How Can Being Obese As a Child Affect Weight As an Adult?

By Jan Sheehan
John Lund/Annabelle Breakey/Blend Images/Getty Images

Childhood obesity is epidemic in the United States. According to the Centers for Disease Control and Prevention, the percentage of kids ages 6 to 11 who were obese ballooned from 7 percent in 1980 to nearly 18 percent in 2010, while the percentage of teens who were overweight or obese increased from 5 percent to 18 percent over the same 20 years. Research suggests that obesity during childhood can impact a person’s weight and health as an adult.

Childhood Obesity

Not all big kids are obese. Some are heavy for their age due to large body frames, notes Childhood obesity occurs when excess fat causes a child’s weight to be well above the average for his age and height. Although genetics play a role in childhood obesity, the problem is mostly related to lack of exercise and poor food choices among America’s youth. Your child's pediatrician or your family doctor can help determine whether your child is too heavy.

Adult Weight Consequences

Children who become obese by age 2 are more likely to end up obese as adults, according to a 2005 study reported by the Centers for Disease Control and Prevention. Study author David Freedman says that of the children who had a body-mass-index in the 95th percentile, which 18 percent of American children have, about two-thirds grew up to be obese as adults. Chubby babies may not grow up to be obese adults, but chubbiness in later stages of childhood is a more accurate predictor of obesity in adulthood.

Adult Health Consequences

Because overweight kids are at high risk of becoming obese adults, they’re more at risk for adult heart disease, sleep apnea and certain cancers, as well as joint disease, writes Dr. Rebecca Sharim Storace on the ABC News website. A review of studies published in the February 1998 issue of The Journal of Nutrition found that men who were obese as adolescents were more likely to die from colon cancer and heart disease than were men not overweight in their younger years. Another study published in 2012 in the Journal of Epidemiology & Community Health found that childhood and adolescent obesity increases the risk of premature death as an adult.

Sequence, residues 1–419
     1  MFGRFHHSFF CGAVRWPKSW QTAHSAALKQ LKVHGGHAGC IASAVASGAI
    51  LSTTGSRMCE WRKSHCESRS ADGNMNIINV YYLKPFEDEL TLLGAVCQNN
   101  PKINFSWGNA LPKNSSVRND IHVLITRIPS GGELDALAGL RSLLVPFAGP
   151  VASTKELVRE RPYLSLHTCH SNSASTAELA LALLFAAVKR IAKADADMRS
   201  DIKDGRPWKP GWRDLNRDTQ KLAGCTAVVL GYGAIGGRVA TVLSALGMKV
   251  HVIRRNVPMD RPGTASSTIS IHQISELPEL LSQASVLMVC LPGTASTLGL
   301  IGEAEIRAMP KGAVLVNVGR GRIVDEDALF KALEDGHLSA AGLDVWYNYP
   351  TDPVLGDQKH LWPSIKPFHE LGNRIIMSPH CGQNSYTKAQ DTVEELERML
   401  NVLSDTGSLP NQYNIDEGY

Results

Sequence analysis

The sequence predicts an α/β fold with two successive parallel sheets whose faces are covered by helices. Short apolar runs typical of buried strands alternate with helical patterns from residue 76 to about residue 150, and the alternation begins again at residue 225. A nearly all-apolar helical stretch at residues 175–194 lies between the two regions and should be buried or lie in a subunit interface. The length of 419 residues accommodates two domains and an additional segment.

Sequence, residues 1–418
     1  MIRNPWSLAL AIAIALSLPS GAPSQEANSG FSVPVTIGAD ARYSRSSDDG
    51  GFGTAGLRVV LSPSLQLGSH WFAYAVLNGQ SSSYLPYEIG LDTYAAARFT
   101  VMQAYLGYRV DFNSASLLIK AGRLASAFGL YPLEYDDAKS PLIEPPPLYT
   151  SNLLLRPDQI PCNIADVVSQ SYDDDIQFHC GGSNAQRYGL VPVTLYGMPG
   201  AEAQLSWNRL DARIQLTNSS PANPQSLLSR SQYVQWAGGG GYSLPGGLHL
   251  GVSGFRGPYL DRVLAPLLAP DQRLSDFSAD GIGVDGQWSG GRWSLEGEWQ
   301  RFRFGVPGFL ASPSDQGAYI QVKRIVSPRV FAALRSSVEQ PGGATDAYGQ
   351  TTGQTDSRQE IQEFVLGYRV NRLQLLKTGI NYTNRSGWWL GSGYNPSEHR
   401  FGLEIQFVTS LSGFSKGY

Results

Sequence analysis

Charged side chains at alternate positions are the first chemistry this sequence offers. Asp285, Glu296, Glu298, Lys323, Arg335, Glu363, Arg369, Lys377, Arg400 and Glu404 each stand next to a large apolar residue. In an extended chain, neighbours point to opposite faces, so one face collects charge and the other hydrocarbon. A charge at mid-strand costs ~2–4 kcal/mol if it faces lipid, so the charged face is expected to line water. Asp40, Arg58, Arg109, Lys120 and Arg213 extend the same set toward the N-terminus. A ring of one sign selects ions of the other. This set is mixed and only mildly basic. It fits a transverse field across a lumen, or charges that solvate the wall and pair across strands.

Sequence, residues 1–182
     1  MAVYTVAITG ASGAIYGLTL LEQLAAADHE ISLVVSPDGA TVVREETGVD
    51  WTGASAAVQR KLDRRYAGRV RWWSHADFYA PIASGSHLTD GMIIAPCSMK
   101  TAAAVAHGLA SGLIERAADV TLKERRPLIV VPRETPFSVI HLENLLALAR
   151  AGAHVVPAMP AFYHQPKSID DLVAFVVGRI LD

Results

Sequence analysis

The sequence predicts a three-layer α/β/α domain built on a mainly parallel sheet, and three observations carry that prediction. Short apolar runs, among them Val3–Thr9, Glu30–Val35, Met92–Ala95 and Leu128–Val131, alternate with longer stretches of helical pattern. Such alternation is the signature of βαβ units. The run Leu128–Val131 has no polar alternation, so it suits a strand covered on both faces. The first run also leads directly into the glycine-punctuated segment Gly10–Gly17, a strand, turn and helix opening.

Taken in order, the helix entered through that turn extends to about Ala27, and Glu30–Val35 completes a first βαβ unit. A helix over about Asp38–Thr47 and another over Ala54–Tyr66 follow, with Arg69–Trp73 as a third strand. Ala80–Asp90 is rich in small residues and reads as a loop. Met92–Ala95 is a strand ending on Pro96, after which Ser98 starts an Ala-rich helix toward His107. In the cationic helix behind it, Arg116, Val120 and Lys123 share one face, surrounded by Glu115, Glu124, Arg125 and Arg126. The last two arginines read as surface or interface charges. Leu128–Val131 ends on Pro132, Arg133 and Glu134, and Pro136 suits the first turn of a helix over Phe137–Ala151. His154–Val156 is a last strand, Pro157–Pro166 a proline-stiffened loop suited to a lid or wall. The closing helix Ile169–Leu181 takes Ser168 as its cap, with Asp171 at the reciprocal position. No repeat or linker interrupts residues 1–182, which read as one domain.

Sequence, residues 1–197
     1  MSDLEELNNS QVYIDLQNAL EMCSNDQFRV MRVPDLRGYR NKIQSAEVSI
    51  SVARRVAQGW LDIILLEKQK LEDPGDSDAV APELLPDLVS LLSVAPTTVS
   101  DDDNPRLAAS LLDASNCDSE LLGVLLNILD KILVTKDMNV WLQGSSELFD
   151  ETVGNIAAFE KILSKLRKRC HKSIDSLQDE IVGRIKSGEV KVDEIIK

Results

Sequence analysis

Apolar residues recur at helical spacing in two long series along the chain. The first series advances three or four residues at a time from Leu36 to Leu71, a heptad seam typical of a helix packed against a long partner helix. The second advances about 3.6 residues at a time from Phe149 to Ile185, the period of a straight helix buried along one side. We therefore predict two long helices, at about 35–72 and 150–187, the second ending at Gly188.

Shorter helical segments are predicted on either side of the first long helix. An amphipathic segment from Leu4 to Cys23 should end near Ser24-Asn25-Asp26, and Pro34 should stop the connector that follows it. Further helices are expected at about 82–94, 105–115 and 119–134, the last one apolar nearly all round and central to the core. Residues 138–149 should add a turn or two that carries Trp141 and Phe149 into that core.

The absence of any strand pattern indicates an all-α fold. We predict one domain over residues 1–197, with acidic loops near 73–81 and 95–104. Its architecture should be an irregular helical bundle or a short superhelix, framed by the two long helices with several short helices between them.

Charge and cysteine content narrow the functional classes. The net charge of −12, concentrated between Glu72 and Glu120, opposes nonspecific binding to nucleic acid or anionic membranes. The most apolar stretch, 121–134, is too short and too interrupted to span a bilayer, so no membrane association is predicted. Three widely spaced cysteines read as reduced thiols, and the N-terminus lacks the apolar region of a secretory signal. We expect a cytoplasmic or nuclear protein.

Because children tend to pick up the eating and lifestyle patterns of their parents, being a good role model can help prevent childhood obesity that may affect your child’s weight as an adult. The Mayo Clinic website notes that children raised in a home where high-calorie food is frequently eaten and physical activity isn’t encouraged are more likely put on excess weight during the early years that may follow them into adulthood. Limit recreational computer and TV time to 2 hours a day, buy fruits and vegetables rather than junk food, try to sit down as a family for meals and find fun physical activities the whole family can do together. Give your child a healthy start for a healthy and happy adult life.

About the Author

Jan Sheehan is an award-winning medical and nutrition writer, having entered journalism in 1992. She is a former contributing editor for "Parents" magazine. She has also written nutrition articles for "Self," "Fitness," "Ladies' Home Journal," "Health" and other magazines. Sheehan has a Bachelor of Arts in journalism from Purdue University.